A LONG-STANDING DIY store in Ore will be knocked down to make way for a £5million supermarket after councillors gave plans the go-ahead this week.
B&Q, in Rye Road, is set to close next year after 35 years of trading and be replaced by an Aldi store.
The present building, dating back to the 1970s, will be demolished with the new supermarket expected to open in November 2014.
A new car park will also be provided with 70 parking spaces.
But some residents and traders in the area are against the changes, fearing another supermarket in Ore could kill off local trade in the village, as there are currently plans to turn the former Oddfellows Arms pub in Old London Road into a Tesco Express store.
Aubrey Ingleton, from Hastings and St Leonards Seniors’ Forum, set up a petition to protest against the scheme.
At the council’s planning meeting on Wednesday (September 11), he said: “B&Q, which has served the town for 35 years, has stated it would like to continue trading on the site and has 42 staff employed there.
“Ore is well-served with local shops and there are already proposals for a new Tesco Express store in the village. Across Britain the high street is in decline and 80 per cent of independent shops that have closed down have largely been due to the relentless rise of supermarkets.”
Mr Ingleton said the proposed Aldi supermarket will be ‘extremely close’ to a badger sett.
He added: “The application proposes a poorly designed industrial building and this will have a detrimental effect on the area. It’s not good enough for Ore.”
Aldi’s plans to build a new store on the B&Q site first became public in April when the firm held a pre-application development forum and outlined its proposals to residents.
In his report, Samuel Batchelor, planning officer for Hastings Borough Council, said as well as Mr Ingleton’s petition, 23 individual letters of objection were received by the authority about Aldi’s plans.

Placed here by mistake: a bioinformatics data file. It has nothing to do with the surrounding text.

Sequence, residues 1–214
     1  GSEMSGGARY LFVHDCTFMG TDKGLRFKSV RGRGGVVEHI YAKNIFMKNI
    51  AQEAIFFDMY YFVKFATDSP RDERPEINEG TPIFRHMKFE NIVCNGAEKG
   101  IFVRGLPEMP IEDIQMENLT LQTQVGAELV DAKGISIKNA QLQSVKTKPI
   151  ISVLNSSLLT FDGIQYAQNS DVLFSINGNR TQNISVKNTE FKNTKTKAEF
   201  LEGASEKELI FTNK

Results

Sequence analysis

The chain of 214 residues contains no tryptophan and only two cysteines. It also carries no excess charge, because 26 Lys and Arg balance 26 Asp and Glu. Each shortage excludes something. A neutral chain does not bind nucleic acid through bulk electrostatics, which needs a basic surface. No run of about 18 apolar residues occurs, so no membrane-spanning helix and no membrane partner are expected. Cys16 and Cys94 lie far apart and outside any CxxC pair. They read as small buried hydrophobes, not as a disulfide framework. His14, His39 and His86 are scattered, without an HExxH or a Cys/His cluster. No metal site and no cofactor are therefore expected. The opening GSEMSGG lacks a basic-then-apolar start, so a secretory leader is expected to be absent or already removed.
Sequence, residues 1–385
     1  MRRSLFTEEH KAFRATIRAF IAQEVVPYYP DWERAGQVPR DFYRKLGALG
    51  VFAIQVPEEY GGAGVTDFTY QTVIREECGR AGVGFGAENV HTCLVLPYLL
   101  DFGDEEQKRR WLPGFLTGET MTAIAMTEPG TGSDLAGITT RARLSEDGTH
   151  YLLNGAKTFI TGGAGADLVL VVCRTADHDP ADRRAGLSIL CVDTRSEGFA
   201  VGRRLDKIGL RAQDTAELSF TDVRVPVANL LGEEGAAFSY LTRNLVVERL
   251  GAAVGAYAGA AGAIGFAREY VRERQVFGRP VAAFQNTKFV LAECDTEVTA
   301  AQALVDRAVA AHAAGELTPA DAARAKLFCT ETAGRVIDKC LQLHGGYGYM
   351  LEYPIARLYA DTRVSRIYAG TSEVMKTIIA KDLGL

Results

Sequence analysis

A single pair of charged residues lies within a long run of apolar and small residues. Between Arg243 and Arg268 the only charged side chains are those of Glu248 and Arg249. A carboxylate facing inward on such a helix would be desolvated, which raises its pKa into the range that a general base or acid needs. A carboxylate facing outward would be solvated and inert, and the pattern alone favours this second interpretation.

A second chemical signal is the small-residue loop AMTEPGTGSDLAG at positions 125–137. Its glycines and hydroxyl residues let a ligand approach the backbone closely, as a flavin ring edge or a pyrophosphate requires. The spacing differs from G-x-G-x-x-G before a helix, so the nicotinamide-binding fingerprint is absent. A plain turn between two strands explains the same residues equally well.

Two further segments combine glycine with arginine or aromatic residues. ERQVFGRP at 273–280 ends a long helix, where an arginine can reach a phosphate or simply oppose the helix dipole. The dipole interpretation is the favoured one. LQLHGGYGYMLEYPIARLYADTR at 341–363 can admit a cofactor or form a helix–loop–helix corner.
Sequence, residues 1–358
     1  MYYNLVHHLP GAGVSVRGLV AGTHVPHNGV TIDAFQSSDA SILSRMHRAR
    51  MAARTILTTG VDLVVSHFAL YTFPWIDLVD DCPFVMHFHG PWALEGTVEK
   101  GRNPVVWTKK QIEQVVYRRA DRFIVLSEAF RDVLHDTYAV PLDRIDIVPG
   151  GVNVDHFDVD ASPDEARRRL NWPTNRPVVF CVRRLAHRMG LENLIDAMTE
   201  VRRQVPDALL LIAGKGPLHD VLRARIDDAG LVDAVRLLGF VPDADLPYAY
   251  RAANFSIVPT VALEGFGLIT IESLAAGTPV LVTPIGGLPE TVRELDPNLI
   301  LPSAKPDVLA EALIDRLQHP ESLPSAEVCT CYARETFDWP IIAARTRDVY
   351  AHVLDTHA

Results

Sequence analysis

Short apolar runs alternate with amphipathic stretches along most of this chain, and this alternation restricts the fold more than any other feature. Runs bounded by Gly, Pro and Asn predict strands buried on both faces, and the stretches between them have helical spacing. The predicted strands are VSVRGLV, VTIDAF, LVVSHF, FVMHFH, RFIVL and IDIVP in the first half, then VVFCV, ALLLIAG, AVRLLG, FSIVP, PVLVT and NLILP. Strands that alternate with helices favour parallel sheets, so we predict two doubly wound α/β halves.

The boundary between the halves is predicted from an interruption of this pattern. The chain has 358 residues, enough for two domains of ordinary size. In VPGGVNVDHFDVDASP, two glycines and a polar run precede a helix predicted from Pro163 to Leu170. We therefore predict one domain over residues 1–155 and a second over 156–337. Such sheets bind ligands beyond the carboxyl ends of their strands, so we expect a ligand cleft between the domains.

Objectors cited increased traffic congestion, loss of jobs at B&Q and impact on existing shops in Ore.
Roland Stanley, Aldi’s property director, said: “This is a multi-million pound investment into Ore with the building of a modern food store. Our company’s decision is to invest £5 million.”
He said Aldi has already bought the present site which houses B&Q and added the DIY store’s lease expired in June.
Mr Stanley said: “We have agreed that B&Q will stay in occupation until May next year rent-free, which gives it the chance to trade for Christmas and next Easter and give the company time to reallocate its staff.”
He said there was a ‘recognised shortfall’ of food provision in Ore, meaning people did not have the choice to do a weekly shop there so were shopping elsewhere in town.
Mr Stanley added: “Our store is not a massive supermarket, it’s a local one serving local people’s needs. It will not have an in-house bakery, sell newspapers, have a post office nor in-house pharmacy. We are here to complement existing trade and support the local shops, not compete.
“We are also creating between 30 and 40 new jobs.”
Mr Stanley said 1,200 leaflets were sent out by Aldi to residents in the area and added 76 per cent of those who responded were in favour of the firm’s proposals.
“We are committed to start construction in May 2014 and have the store open in November that year ready for Christmas,” he said.
Cllr Richard Street said: “The vast majority of people I have spoken to are very much in favour of this even though they are sorry to see the back of B&Q. Aldi has made a very convincing case and this is good news for Ore.”
Councillors voted unanimously to support the application.